The Times They Are A Changin – Things For Dentists To Consider When Bringing A Motion to Change Spousal Support

The case of Ravka v. Ravka, 2003 CanLII 2341 (ONSC) provides some interesting insights in regards to the professional challenges facing dentists in today’s marketplace and the legal framework regarding spousal support obligations following the breakdown of a relationship wherein one of the parties’ is a dentist.

In Ravka, the Applicant dentist brought a Motion to Change seeking an order to reduce the quantum of his spousal support obligation to the Respondent Wife pursuant to the parties’ Separation Agreement.

When determining the outcome of a motion to change spousal support for married couples, a Court must determine firstly whether there has there been a material change in circumstances and secondly, in consideration of the objectives of spousal support, what variations, if any, should be made to the Separation Agreement.

1. Has There Been A Material Change in Circumstances

The Applicant dentist sought a variation of the support agreement because his income dropped significantly due to the decline of his dental practice.

Some of the reasons, according to the Applicant dentist, were that the demographics of his community changed, insurance coverage declined so patients attended office less frequently and improved dental hygiene meant fewer trips to his office. While the Applicant dentist wished to improve his client base, his practice was affected due to these many factors beyond his control.

Based on the Applicant Dentist’s evidence, the Court was satisfied that there was a material change in circumstances since the signing of the Separation Agreement as the Applicant’s ability to pay support was markedly reduced.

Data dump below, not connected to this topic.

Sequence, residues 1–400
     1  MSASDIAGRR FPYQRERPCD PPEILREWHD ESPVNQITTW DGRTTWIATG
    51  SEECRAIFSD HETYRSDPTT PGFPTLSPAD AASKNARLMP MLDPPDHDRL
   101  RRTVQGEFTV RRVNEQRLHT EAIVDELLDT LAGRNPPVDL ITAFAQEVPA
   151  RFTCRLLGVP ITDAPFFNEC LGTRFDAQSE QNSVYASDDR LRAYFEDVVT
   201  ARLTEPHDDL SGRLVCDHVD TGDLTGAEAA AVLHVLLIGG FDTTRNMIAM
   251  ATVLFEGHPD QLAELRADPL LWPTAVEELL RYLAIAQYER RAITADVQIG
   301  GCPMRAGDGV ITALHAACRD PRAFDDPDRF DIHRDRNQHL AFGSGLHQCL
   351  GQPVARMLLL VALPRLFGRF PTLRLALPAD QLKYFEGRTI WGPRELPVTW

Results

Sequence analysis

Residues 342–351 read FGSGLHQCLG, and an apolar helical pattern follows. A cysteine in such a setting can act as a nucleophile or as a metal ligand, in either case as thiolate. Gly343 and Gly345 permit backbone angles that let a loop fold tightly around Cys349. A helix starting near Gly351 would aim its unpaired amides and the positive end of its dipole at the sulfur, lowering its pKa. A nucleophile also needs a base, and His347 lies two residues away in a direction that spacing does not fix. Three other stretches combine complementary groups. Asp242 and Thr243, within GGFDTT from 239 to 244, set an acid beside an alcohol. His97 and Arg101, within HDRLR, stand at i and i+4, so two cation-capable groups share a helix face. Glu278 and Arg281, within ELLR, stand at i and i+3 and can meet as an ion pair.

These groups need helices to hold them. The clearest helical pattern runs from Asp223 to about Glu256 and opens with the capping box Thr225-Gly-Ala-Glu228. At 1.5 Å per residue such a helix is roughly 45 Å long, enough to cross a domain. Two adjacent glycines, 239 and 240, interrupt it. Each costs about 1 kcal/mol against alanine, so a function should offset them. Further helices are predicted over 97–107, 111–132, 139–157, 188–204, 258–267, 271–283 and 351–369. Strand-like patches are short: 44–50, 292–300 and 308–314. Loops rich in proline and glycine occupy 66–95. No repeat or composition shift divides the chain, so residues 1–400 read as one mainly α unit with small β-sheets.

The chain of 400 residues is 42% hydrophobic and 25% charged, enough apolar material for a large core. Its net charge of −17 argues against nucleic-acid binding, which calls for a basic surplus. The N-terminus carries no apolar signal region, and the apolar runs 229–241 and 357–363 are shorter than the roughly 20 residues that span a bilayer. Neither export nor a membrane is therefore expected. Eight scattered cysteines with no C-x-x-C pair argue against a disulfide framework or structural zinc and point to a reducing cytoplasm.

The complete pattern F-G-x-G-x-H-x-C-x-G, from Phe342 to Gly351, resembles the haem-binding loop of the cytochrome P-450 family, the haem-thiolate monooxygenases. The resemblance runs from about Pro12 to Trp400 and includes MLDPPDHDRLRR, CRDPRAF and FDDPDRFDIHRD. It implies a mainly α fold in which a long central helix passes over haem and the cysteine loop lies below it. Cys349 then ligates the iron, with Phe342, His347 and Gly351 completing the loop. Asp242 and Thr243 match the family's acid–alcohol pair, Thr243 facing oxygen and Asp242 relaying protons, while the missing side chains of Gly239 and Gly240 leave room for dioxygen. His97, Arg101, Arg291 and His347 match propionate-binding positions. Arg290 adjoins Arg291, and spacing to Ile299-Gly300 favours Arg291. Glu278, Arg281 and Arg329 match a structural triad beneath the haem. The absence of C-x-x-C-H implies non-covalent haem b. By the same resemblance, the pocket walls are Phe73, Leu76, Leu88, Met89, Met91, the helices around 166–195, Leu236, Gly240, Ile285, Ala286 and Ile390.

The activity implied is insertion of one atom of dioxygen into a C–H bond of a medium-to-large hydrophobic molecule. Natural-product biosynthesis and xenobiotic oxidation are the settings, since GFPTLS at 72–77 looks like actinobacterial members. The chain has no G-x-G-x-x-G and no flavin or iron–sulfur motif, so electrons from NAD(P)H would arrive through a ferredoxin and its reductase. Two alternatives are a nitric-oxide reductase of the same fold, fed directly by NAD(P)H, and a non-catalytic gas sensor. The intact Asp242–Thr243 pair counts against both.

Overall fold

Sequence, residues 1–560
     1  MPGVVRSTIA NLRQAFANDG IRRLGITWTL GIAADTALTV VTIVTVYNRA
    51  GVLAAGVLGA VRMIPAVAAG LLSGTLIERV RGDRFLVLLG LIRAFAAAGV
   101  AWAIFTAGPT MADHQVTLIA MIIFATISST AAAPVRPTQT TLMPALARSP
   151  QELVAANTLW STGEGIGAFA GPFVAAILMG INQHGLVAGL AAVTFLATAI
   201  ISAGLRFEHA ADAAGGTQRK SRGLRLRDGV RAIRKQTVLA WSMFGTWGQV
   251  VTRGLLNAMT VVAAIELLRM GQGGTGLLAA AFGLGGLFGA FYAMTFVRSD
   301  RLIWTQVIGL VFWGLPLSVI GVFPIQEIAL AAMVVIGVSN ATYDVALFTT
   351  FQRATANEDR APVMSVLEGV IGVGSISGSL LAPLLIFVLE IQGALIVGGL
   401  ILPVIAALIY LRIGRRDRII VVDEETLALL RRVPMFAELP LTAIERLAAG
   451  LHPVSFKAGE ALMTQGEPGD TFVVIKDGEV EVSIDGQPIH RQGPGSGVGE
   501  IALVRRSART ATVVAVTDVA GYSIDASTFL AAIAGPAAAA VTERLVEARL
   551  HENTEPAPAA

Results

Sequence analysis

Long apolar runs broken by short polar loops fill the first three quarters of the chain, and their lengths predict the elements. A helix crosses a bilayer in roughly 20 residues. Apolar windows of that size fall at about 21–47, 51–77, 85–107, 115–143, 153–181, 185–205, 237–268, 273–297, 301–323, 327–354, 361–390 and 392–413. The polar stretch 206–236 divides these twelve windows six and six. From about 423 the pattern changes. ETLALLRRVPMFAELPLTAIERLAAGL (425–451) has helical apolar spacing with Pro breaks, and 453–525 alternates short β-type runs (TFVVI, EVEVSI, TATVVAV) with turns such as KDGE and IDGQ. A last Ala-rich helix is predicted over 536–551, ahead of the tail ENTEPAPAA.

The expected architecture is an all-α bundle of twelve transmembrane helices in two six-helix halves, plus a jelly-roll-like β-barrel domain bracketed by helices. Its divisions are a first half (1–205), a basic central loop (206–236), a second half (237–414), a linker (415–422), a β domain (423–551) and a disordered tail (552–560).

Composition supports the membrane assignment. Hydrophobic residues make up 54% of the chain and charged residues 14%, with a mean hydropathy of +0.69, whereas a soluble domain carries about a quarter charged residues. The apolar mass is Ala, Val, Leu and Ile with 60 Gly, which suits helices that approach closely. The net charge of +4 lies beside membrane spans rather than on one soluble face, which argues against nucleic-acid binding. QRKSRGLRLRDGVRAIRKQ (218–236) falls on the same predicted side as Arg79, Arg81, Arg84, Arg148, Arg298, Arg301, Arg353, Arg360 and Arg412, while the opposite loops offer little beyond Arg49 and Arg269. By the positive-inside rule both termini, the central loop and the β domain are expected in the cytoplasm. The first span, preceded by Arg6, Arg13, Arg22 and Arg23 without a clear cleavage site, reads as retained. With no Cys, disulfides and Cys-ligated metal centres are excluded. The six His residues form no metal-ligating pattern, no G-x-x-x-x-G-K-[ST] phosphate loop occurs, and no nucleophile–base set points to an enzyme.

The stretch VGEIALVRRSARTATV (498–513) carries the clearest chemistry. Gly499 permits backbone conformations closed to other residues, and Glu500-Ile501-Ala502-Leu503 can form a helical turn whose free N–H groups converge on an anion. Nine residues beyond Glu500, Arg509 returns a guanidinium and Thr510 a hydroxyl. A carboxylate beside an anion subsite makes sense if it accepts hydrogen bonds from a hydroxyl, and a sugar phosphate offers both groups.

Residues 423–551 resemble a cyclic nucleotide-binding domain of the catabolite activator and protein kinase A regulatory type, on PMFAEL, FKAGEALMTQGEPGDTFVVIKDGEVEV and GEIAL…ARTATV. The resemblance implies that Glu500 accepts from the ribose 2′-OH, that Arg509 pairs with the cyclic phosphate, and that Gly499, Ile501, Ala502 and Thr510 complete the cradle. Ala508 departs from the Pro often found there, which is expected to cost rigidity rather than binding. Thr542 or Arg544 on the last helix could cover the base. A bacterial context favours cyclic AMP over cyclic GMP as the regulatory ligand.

Further, considering the recent downturn of the economy and an aging population, it would not be surprising if similar circumstances affected numerous dentistry practices in Ontario. As a result, Ravka highlights how the struggling economy and an aging population may have broader implications towards dental practices and fluctuations in income.

2. What Variation, If Any, is Appropriate In The Circumstances

When considering what variations should be made to the quantum of support, the Court explored the objectives of varying a spousal support order as set out in s. 17(7) of the Divorce Act which is as follows:

Objectives of variation order varying spousal support order

(7) A variation order varying a spousal support order should

(a) recognize any economic advantages or disadvantages to the former spouses arising from the marriage or its breakdown;

(b) apportion between the former spouses any financial consequences arising from the care of any child of the marriage over and above any obligation for the support of any child of the marriage;

(c) relieve any economic hardship of the former spouses arising from the breakdown of the marriage; and

(d) in so far as practicable, promote the economic self-sufficiency of each former spouse within a reasonable period of time.

In Ravka, the Court acknowledged and considered that (1) the Respondent Wife was in need of continuing support; (2) she had no realistic expectation of financial support from anyone but the Applicant Dentist; and (3) the Respondent had a severe and debilitating condition that prevented her from working.

In contemplating the foregoing, the Court held that the quantum payable on the Applicant dentist’s current income should utilize the net disposable income for each party. Thus, the Applicant dentist’s support obligation was reduced from $5,922.53 per month to $4,924.00 per month.

While this reduction was significant, the Court took particular consideration of all of the factors relating to the ongoing economic hardship towards a spouse arising from the breakdown of the marriage, particularly one involving parties with significant incomes and severe medical needs.

Nonetheless, perhaps the most important lesson from Ravka is that based on the potentially significant variation, and financial savings, that may result from a varied support order, if a Dentist has a significantly reduced income they may wish to speak to a lawyer to consider bringing a Motion to Change support sooner rather than later.